|Sustainable Energy News - No. 06 September 1994 (INFORSE, 1994)|
by Manfred Rottjes
The Federal State of Saxony, situated in the south east of Germany and bordering the Czech Republic and Poland, was once a centre of small hydropower. More than 3000 plants were registered before 1939, producing a large proportion of the electricity in the area. More than 20 companies were producing hydraulic and electric equipment. During the socialist period, the production of electricity was mainly concentrated in a few large lignite-fired plants. A number of purnpedstorage schemes were also operated. The use of small hydroelectric plants by private individuals was systematically discouraged for decades.
When the DDR ceased to exist formally on Octobers, 1990, a number of small, mainly defunct plants were returned to their previous owners. As they had been unable to collect private capital, they found themselves confronted with a serious lack of funds. Commercial banks refused to give them credit as they could not offer sufficient security.
The GLS-Bank (Gemeinschaflsbank) in Bochum had successfully launched two wind energy funds. Through these funds, numerous ecologically minded individuals lent money to specific renewable energy projects. They were not interested in the maximum possible interest rate, but they prefered to lend their money to investment projects which complied with their ecological and ethical ideals. To handle the newly established hydropower fund of the GLS-Bank, the Wasserkraft Sachsen GmbH (Hydropower Saxony Ltd.) was founded as a non-profit organization.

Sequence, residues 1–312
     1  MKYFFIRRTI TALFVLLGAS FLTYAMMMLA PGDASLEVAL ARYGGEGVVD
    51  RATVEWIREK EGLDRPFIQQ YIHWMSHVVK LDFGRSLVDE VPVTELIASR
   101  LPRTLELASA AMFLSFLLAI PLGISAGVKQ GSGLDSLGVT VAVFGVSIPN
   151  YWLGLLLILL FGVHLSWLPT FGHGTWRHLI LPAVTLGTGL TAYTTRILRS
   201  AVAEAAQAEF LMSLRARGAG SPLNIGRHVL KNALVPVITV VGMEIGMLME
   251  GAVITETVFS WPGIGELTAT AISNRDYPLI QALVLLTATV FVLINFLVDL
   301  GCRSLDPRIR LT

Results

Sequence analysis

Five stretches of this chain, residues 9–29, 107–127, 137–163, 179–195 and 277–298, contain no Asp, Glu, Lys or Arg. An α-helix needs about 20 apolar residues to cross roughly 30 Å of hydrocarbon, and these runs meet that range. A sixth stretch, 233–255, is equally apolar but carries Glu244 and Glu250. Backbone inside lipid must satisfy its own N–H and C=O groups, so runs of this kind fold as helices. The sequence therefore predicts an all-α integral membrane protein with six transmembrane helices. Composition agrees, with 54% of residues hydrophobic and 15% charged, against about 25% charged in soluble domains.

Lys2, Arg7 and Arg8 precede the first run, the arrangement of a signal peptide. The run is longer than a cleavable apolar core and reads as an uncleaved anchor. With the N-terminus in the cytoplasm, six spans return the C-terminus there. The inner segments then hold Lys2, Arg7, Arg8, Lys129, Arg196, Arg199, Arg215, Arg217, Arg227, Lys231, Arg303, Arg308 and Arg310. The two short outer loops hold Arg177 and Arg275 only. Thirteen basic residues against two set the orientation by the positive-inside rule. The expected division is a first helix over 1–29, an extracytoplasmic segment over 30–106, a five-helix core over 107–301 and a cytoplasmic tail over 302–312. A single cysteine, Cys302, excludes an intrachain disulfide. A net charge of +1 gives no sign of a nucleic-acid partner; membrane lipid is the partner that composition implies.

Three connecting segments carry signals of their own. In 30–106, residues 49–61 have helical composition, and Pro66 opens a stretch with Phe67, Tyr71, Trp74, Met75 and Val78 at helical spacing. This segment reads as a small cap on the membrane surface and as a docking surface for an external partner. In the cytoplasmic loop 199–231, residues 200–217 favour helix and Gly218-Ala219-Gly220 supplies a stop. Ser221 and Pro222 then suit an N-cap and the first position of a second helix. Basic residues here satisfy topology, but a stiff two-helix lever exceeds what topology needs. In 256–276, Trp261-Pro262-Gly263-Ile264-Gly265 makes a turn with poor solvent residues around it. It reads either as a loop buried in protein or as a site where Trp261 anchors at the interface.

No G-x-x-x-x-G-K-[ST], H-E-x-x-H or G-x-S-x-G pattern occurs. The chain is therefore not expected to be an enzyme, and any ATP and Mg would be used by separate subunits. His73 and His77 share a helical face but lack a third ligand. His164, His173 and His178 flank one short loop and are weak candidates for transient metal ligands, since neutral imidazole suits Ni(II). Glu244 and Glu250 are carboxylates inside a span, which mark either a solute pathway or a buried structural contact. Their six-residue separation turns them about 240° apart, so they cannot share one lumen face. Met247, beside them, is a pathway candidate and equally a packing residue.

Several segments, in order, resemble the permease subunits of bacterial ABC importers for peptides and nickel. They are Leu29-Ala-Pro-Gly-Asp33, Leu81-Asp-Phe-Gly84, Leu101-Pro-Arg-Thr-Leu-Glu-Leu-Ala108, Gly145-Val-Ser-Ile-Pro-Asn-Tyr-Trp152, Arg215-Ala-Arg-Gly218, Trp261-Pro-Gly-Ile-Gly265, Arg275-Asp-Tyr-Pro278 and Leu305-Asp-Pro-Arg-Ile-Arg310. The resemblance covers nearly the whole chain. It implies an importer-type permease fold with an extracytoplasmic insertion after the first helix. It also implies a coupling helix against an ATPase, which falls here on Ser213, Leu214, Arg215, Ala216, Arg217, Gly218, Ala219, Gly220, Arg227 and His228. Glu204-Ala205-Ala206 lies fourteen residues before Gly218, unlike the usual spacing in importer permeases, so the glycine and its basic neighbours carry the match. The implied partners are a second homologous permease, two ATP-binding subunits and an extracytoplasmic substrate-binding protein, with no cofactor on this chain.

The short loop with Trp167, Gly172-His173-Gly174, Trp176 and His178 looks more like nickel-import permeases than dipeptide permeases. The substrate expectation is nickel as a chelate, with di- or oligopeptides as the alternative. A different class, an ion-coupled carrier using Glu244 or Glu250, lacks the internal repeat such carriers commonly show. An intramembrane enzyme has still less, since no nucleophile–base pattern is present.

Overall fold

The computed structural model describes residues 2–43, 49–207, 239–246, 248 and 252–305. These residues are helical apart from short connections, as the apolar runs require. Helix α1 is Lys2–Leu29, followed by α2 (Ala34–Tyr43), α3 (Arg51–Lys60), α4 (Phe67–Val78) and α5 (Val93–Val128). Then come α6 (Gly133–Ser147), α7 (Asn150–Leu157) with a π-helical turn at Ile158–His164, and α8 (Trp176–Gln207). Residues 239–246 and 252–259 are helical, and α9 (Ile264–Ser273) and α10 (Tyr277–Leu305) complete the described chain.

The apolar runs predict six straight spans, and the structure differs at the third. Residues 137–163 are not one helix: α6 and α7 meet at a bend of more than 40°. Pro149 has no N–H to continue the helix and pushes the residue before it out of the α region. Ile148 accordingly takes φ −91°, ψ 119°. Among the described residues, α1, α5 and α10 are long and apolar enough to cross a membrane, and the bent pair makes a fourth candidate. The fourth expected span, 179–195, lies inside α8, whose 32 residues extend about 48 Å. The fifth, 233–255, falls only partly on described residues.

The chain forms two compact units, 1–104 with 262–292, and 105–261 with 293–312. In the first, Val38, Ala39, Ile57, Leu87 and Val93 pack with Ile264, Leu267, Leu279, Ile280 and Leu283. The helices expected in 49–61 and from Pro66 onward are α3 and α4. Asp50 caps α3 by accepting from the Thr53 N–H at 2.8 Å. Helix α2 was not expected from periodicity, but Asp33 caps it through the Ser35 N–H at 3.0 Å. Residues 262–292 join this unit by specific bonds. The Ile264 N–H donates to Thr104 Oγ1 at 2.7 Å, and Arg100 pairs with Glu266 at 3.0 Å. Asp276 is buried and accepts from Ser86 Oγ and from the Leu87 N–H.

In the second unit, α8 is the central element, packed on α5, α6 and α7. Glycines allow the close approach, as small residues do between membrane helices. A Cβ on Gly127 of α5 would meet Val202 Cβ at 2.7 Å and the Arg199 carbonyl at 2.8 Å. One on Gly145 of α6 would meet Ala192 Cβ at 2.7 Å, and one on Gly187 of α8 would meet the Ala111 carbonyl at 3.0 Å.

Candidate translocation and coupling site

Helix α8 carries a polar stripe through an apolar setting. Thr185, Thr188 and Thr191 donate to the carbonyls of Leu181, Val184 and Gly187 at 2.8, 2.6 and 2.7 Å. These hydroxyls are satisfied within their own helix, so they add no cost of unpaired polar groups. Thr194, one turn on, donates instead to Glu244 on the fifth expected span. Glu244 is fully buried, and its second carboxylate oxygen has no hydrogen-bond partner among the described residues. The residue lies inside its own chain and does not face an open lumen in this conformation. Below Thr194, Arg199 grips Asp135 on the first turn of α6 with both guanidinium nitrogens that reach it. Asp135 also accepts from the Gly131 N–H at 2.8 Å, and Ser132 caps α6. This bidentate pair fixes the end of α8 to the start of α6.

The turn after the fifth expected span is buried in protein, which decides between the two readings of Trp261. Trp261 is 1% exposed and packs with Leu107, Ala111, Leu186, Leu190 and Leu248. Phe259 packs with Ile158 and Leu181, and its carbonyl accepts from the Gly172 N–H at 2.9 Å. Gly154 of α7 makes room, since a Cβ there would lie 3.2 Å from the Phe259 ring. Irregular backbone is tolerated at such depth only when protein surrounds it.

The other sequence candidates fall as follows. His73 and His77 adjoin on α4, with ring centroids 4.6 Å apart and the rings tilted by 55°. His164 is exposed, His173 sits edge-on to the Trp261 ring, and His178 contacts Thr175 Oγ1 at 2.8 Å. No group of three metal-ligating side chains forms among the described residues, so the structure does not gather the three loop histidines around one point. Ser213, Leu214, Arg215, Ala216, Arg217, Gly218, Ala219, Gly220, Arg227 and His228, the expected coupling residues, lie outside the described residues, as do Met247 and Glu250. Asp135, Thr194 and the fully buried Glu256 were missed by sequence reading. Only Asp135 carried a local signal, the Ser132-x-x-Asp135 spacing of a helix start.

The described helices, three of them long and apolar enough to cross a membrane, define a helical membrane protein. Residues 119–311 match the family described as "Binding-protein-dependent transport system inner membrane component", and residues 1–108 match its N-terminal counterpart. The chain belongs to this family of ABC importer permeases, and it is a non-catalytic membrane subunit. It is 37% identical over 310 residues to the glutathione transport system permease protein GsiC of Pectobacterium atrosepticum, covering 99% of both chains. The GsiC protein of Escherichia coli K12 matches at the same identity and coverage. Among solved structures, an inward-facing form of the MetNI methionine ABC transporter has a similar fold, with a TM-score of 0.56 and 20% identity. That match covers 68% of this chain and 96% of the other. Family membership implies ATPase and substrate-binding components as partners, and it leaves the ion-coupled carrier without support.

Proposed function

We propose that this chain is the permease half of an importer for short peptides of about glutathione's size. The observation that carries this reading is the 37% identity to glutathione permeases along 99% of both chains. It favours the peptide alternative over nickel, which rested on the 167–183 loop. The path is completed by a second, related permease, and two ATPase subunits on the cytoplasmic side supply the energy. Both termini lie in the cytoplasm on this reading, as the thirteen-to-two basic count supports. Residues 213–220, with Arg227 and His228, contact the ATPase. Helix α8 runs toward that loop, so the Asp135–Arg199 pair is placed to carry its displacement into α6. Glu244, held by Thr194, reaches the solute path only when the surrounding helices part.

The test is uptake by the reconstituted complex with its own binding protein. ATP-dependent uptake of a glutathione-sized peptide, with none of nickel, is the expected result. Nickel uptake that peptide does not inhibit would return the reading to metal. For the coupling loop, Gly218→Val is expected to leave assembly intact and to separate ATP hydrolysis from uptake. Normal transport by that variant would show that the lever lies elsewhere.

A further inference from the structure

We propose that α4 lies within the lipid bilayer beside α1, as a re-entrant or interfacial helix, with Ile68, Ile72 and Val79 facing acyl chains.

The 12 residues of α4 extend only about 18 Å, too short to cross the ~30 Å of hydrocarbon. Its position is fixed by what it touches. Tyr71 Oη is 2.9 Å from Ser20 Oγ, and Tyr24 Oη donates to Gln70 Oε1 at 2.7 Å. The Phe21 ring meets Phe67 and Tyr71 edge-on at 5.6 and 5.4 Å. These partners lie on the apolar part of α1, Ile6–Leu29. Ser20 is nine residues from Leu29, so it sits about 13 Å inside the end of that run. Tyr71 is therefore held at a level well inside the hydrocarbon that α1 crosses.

The Wasserkraft Sachsen GmbH (WSG) comprises ten owners of defunct hydropower plants from various regions of Saxony. The purpose of the association is to assist its members in the reconstruction of their plants by:
· consulting members in technical and financial matters channelling the funds to the members and organizing the financial transactions arranging mutual assistance among the members
The WSG has also enhanced economic cooperation in the region. Hydraulic and electric equipment are bought from the neighbouring Czech Republic and Poland at very competitive prices. Members of WSG have worked out proposals to modify the hydraulic structures to comply with today's ecological demands.
The activities of the WSG au d its members have been highly efficient and have found wide coverage in the media. At the end of the founding year 1992, not more than two members had their plants operating at a capacity of 300 kW. At the end of 1993, three additional plants were running, amounting to another 300 kW. With the commissioning of five more plants by the end of 1994, generating capacity will rise to around 1000 kW, and many more projects are in the planning stages.
The author is a mechanical engineer. Member of Wasserkraft Sachsen GmbH. Further information fron' Pirnaer Str. 15, D-01819 Langenhennersdorf